It seems like both the EAC's courses of action outlined by Rodriguez, if taken years ago, could have prevented Humboldt County's current headache.
The version of Premier's error-prone GEMS vote-counting software used in Humboldt County's November election went through Bowen's 2006 top-to-bottom review of California's elections systems, but the review did not pick up the programming error, which Bowen's office has said didn't come to its attention until the almost 200 Humboldt County votes disappeared.
If Bowen's team had known to look for this type of problem, it's possible the error would have turned up during the testing process and that the software never would have been certified. Making sure testing laboratories look specifically for this type of programming error will make them much less likely to slip through cracks in the certification process, Rodriguez said.
Rodriguez said the fact that the EAC will disseminate the contents of the Humboldt County report to elections officials from coast to coast will also prevent similar problems from occurring elsewhere.
Evidently, part of what hit Humboldt County on Election Day was a breakdown in communication. Rodriguez said the EAC's new certification process will require manufacturers to notify it of any problems with their systems, so that the EAC can make sure that information gets to all elections officials, from secretaries of states to local elections managers.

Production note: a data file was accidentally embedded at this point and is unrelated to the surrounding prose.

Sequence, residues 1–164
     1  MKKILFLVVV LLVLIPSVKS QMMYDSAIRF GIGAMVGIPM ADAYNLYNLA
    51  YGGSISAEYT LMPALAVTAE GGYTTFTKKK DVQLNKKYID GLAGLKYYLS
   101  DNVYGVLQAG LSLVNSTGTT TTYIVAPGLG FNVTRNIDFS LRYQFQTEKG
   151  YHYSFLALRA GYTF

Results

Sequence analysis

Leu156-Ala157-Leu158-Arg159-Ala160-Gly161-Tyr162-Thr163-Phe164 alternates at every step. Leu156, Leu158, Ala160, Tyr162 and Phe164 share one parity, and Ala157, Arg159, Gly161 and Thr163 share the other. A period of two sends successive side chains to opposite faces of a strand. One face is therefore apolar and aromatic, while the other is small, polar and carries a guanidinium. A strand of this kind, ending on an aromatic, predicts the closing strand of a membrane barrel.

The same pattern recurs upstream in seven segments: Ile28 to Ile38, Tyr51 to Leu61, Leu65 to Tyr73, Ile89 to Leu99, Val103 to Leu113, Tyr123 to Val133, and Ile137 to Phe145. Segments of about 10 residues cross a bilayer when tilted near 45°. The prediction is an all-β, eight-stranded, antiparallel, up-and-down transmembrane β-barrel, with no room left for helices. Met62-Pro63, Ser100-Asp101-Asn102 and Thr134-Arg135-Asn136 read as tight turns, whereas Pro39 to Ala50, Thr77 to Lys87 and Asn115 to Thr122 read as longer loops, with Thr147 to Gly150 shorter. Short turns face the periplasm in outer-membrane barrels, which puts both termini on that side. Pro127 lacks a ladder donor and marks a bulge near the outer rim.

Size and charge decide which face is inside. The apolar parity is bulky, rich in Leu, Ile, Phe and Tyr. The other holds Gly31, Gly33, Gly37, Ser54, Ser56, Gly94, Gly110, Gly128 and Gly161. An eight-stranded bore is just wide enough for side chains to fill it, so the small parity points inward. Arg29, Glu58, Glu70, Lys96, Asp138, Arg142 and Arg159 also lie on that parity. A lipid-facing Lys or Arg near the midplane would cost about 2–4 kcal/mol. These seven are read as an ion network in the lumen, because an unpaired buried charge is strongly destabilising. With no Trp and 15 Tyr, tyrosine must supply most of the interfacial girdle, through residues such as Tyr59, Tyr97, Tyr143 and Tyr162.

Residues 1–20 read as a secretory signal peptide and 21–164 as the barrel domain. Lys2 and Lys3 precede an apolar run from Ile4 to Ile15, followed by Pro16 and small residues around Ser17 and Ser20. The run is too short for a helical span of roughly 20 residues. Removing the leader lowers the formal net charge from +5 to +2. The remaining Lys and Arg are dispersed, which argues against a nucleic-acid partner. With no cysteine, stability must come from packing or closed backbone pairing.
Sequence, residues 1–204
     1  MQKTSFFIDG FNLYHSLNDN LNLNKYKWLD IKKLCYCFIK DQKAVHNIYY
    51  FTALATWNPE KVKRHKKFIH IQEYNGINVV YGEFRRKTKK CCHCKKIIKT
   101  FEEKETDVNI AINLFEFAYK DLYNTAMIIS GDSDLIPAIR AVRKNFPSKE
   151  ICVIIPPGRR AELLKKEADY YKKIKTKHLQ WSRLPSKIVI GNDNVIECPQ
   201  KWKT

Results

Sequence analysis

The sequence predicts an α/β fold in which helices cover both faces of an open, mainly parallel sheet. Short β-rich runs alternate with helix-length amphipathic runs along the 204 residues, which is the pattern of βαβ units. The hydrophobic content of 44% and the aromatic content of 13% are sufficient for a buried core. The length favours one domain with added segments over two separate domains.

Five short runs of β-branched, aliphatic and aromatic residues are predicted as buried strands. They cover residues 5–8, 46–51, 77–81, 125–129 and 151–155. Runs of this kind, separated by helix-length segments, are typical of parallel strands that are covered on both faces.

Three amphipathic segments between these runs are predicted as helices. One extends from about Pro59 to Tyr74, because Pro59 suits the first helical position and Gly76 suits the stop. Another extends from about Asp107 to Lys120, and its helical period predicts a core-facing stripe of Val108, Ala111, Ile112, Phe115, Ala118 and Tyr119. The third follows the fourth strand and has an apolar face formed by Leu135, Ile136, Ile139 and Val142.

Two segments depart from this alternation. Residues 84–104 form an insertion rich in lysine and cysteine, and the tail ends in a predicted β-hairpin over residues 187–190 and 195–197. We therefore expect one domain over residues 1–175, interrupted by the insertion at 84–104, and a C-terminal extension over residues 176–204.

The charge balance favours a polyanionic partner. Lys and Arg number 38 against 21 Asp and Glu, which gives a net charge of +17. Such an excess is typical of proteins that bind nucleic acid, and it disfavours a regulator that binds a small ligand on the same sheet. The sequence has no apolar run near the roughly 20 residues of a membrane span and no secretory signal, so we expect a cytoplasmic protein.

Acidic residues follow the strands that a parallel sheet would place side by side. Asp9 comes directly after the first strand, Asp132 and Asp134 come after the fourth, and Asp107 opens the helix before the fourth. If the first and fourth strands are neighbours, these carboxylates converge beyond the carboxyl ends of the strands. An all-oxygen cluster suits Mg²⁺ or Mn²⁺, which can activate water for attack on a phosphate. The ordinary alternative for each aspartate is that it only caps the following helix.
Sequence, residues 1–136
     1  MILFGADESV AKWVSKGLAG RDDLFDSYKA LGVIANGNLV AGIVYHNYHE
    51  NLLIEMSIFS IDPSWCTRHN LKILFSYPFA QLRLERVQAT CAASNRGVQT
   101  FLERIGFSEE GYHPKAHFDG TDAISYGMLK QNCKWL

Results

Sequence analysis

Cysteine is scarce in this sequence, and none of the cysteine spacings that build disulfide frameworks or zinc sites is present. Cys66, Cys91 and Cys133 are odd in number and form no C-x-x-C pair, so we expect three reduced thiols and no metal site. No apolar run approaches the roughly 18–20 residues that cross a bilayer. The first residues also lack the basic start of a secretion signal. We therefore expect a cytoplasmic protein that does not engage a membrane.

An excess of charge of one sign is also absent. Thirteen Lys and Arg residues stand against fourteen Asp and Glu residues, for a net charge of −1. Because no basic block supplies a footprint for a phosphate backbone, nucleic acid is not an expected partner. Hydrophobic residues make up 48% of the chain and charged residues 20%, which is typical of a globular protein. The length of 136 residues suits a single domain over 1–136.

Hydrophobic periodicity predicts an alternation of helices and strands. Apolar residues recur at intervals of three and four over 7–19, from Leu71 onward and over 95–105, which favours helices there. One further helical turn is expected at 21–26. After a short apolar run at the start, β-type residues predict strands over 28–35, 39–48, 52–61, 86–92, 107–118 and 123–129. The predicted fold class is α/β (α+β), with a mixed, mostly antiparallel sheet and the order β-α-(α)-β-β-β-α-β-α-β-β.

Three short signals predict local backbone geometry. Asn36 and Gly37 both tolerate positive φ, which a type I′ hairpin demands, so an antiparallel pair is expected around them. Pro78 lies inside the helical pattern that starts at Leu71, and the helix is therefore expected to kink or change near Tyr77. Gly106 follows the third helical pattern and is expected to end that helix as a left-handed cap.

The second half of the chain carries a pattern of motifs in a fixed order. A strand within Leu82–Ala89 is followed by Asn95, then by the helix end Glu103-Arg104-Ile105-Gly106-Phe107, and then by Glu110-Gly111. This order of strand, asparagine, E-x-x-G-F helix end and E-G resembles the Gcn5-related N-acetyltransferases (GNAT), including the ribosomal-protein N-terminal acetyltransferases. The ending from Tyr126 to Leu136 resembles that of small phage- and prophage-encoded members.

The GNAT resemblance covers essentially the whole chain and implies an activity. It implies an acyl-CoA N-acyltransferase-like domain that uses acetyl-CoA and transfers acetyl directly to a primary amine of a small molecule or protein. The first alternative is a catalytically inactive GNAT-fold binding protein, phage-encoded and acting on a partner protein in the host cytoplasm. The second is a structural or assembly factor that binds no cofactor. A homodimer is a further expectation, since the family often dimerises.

One of the issues the error in Humboldt County has raised, Rodriguez acknowledged, is whether similar problems may have occurred elsewhere but gone unreported, simply having been dealt with between the vendor and the local elections officials where the problem occurred.
”I think that's an appropriate concern,” Rodriguez said. “There's this very confidential relationship between counties and vendors, and I think issues have been resolved as they've arisen with these kinds of work-arounds, but who knew. The voters certainly didn't know, and elections officials aren't going to necessarily want their voters to know there are problems. So, it's resulted in this kind of unhealthy situation.”
Because of that, Rodriguez said she's proud of Humboldt County, and especially of Crnich, for stepping forward and acknowledging there was a problem.
”The fact that they're sharing this information is a gift, I think, for other counties,” Rodriguez said. “We're all learning together and Humboldt County is really going to help us in that process... I really commend the county for engaging in this transparency project, and Secretary Bowen certainly has established the appropriate climate of scrutiny, and I just think there's lots of good that comes from this very unfortunate situation. Votes aren't to be trifled with.”
Section: News Local
Record Number: 11328669